3-Year RB Season Splits
The “Gut Feeling” is often synonymous with a sense
of desperation resulting from a lack of preparation. The Gut Check
is a huge proponent of studying the numbers, but there’s
a point where one can place too much emphasis on the wrong information.
This can result in the undervaluing or overlooking a player’s
potential. Therefore, The Weekly Gut Check is devoted to examining
the frame of reference behind certain number-driven guidelines
that fantasy football owners use to make decisions.
Although The Weekly Gut Check doesn’t claim to be psychic,
he does believe that he can dispel certain numbers biases and
help you make the best choices for your team. We’ll keep
a running tally of The Weekly Gut Check’s insights. This
way you can gauge his views as something to seriously consider,
or at least seriously consider running the opposite way as fast
as you can!
Two popular methods of statistical analysis used to plan one’s
draft or lineup decisions are strength of schedule ratings and fantasy
points allowed per position. While they have their merits, The Gut
Check isn’t convinced these methods of analysis lead a fantasy
owner in the best direction. Turnover in player and coaching personnel
from year to year has a significant impact on both methods. Owners
then have to adjust at the mid-season point, which is too late when
using the information as basis for one’s drafting decisions.
San Diego was considered scheduling “cake” entering
the 2004 season—most predicted the Chargers to be drafting
from the first position for the second straight year. Tennessee
was certainly viewed as a better defense, but injuries and slowed
development in the secondary has many predicting the Titans to
once again be among the first teams to hear the words, “now
on the clock” in 2006. The point is strength
of schedule and fantasy
points allowed per position are best used around the halfway
point of the season—after there’s statistical proof
on the field for the current year.
Yours Truly likes to view players from the perspective of what
they can do against competition as opposed to what the competition
can do to stop them. The former is easier to measure, while the
latter is more problematic. One method of determining which players
might be the best “finishers” is to examine season
splits. There are many ways to structure the season splits.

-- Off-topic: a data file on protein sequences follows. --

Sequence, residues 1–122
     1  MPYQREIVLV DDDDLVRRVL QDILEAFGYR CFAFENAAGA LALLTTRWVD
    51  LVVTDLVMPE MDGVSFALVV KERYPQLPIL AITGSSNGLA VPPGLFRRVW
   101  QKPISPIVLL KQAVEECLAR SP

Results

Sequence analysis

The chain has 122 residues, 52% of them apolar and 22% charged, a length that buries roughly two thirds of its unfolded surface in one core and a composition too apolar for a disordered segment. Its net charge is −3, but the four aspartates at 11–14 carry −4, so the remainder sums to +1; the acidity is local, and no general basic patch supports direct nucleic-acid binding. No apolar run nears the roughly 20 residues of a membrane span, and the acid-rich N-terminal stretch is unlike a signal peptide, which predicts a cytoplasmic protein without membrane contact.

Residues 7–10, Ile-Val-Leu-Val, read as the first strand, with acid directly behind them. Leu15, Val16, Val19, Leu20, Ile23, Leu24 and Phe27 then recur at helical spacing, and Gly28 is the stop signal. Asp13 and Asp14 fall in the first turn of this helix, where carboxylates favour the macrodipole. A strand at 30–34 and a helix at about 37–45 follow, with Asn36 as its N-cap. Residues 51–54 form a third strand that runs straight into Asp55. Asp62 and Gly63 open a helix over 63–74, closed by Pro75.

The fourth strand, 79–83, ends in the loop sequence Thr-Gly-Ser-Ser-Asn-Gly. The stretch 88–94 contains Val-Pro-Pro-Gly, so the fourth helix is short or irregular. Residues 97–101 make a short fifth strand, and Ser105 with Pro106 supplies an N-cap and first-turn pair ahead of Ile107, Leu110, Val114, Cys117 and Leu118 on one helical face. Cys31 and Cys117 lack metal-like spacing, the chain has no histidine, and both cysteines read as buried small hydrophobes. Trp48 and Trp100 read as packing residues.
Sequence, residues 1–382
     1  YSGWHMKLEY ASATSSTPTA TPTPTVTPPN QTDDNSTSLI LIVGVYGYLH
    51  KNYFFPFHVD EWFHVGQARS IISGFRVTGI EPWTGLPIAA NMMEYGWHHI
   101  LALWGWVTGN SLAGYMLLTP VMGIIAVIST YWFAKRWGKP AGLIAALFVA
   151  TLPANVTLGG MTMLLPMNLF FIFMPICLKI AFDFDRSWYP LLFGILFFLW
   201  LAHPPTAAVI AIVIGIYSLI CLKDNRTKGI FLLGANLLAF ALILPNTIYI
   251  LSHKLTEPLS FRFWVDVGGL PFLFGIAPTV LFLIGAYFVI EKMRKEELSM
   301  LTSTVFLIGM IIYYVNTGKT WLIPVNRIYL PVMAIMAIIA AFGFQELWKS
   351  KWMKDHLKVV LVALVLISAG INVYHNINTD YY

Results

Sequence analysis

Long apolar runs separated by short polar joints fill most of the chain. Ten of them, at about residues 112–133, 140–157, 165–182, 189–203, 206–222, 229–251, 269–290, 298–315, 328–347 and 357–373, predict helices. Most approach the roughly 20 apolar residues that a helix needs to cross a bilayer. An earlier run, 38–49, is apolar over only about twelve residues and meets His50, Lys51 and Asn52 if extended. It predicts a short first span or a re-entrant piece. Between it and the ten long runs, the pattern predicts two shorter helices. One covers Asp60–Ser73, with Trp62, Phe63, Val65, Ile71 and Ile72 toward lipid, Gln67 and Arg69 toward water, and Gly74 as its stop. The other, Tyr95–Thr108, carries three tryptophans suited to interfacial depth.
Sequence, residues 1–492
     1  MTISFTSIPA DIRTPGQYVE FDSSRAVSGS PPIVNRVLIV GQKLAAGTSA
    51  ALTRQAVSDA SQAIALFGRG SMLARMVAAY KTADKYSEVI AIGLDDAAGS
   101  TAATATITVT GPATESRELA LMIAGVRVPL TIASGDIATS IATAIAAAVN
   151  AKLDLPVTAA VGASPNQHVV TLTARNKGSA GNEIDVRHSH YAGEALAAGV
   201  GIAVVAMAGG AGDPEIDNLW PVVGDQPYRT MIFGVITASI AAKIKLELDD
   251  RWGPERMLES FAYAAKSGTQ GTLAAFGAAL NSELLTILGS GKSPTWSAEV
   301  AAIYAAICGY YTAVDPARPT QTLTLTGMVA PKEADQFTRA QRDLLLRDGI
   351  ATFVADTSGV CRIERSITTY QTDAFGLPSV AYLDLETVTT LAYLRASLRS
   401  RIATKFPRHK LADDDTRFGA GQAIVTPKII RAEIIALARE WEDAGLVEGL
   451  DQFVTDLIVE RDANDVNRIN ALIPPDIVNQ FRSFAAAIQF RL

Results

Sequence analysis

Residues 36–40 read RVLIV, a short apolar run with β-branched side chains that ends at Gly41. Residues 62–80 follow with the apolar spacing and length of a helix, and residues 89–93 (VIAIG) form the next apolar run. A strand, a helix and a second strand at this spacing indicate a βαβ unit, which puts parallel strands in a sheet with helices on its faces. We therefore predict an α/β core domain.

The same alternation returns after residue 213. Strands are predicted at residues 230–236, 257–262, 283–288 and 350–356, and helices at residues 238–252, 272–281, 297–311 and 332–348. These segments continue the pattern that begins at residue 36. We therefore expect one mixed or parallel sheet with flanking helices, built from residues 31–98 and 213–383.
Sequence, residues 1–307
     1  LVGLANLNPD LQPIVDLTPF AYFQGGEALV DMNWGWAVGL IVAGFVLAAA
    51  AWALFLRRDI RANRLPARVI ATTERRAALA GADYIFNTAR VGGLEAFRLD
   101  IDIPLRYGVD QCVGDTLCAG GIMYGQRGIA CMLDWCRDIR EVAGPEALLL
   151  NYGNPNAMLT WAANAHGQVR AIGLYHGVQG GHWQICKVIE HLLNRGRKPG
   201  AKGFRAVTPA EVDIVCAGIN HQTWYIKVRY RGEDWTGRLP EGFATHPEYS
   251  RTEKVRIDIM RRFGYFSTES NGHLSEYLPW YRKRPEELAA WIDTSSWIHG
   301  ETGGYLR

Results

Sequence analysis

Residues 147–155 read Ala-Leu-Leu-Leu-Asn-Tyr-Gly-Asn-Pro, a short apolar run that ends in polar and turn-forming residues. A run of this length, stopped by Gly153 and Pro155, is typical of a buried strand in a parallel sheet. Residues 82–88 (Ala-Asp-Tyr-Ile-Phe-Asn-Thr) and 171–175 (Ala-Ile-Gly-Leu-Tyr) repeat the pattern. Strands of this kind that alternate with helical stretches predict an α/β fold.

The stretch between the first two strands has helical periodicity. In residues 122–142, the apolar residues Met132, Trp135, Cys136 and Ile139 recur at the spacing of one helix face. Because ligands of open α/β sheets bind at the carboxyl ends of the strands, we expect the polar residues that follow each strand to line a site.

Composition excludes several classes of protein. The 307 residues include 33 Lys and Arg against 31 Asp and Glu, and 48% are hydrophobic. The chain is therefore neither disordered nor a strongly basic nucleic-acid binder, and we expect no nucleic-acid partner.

This summer, The Gut Check will examine two methods: weeks 1-6
versus weeks 7-16 and weeks 1-6 versus 7-12 versus 13-16.
The Gut Check chose these splits over other options for specific
reasons. The 1-6 versus 7-16 split provides a broader perspective
of performance. The first six games are generally a feeling out
point for determining which direction NFL teams are heading, and
by this point opposing teams have enough information to update
game plans. In The Gut Check’s experience, this is often
the period where fantasy trades are occurring with the greatest
frequency and have the most potential for savvy owners to give
away less in exchange for significantly more. After week six,
most teams know what they have in a player and the deals that
owners strike are generally more even.
The 1-6 versus 7-12 versus 13-16 splits drill down to provide
comparative analysis for the initial weeks, stretch run, and playoff
weeks. It also serves as a model for the Fantasy Football Tournament
of Champions (FFTOC)
and The Gut Check will explore these statistical splits and provide
some strategies to help owners at least win their bracket (and
double their money), if not make a run at even greater winnings.
Yours Truly will discuss this split in a few weeks.
The Gut Check accumulated data from seasons 2002-2004 and separated
the results by position for the 1-6 versus 7-16 splits. Here is
the information provided for each table:
- Total games played from 2002-2004 for weeks 1-6
- Average fantasy points per game for weeks 1-6
- Total games played from 2002-2004 for weeks 7-16
- Average fantasy points per game for weeks 7-16
- The +/- difference in fantasy points from weeks 7-16
vs. weeks 1-6
The Gut Check narrowed the sample of players for position according
to specific criteria. First, Yours Truly only used active players
currently starting, or in contention for a starting role on an
NFL team. Second, The Gut Check eliminated 2004 rookies from the